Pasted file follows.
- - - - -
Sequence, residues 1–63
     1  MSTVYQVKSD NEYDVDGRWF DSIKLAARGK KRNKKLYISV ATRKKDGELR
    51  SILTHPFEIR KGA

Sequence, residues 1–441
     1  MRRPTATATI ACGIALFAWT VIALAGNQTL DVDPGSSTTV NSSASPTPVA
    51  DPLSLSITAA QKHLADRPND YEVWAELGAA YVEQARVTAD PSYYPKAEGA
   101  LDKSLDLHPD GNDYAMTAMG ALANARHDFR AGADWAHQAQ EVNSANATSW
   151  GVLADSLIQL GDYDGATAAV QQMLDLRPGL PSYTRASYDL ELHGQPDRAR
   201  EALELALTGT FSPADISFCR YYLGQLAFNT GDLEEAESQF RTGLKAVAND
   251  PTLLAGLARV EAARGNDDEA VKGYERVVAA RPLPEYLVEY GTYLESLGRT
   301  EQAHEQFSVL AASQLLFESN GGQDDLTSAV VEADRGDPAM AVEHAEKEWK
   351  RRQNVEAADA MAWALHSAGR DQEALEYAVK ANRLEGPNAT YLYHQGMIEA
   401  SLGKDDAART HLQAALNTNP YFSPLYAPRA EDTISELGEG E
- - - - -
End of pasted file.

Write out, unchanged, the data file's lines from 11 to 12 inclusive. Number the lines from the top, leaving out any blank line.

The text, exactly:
   301  EQAHEQFSVL AASQLLFESN GGQDDLTSAV VEADRGDPAM AVEHAEKEWK
   351  RRQNVEAADA MAWALHSAGR DQEALEYAVK ANRLEGPNAT YLYHQGMIEA